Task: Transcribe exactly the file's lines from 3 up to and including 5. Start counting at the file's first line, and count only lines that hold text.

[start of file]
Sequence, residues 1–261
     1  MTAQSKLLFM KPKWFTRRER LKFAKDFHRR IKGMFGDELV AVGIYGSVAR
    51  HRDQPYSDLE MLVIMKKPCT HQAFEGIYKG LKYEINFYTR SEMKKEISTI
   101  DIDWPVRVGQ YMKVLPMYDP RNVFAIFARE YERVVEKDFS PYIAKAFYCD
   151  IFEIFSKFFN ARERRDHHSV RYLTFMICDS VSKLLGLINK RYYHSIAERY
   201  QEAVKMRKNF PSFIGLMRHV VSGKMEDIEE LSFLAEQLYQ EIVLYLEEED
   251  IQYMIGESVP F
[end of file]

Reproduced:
    51  HRDQPYSDLE MLVIMKKPCT HQAFEGIYKG LKYEINFYTR SEMKKEISTI
   101  DIDWPVRVGQ YMKVLPMYDP RNVFAIFARE YERVVEKDFS PYIAKAFYCD
   151  IFEIFSKFFN ARERRDHHSV RYLTFMICDS VSKLLGLINK RYYHSIAERY